Why paying more doesn't always mean better quality

Sarah Coles
Young woman looking at price tag on red vintage dress
Young woman looking at price tag on red vintage dress



Usually, you get what you pay for. If you cut corners and buy something from the budget end of the spectrum, you are sacrificing quality in pursuit of a lower price. If you pay a little bit more on some sort of 'investment' piece, you end up with something of better quality, which in many cases will last longer, and turn out to be better value for money. However, it doesn't always work like this.
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The major pitfall in this kind of thinking is the assumption we start to make - that expensive items are always better. Marketing teams are well aware that they can sell us the idea of quality and exclusivity, and we will believe the product is better, and will spend more on it.

And we don't need marketing to push us into this trap. We have so wholeheartedly bought into the idea that more expensive items are higher quality, that in some markets all a company needs to do is price itself at the higher end, and we will assume it's high quality. This particularly applies in those areas where our purchases are infrequent enough that we don't have any real understanding of the market - such as posh lingerie or jewellery.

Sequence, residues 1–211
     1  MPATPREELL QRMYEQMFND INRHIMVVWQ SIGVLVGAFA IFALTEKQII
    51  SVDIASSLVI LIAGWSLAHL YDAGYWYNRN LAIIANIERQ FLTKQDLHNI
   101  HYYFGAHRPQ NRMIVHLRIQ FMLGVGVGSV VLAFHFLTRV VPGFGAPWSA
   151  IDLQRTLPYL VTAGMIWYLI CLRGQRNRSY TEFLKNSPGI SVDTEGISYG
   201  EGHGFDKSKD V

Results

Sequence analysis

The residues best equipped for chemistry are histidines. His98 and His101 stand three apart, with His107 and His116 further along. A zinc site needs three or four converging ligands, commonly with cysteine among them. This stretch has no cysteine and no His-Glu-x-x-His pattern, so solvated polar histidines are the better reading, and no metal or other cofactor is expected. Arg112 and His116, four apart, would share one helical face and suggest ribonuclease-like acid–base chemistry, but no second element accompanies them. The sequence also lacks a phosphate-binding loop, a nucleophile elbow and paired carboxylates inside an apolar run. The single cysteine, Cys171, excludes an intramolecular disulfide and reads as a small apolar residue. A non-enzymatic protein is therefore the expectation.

Here are ten common purchases where spending more won't necessarily buy you something better.



The best way to save yourself from the assumptions that lead us into overspending is to do your research. In every case where we're about to spend more, we need to check whether this item is really worth it. There's a whole industry devoted to product testing and awards, which offer a useful place to start your search.

In many cases they will challenge your long-held beliefs - especially when you see how many awards Aldi, Lidl and Poundland are winning, and the rave reviews for some of their cut-price products.

But what do you think? Do you work on the basis that you get what you pay for? And has this worked for you?

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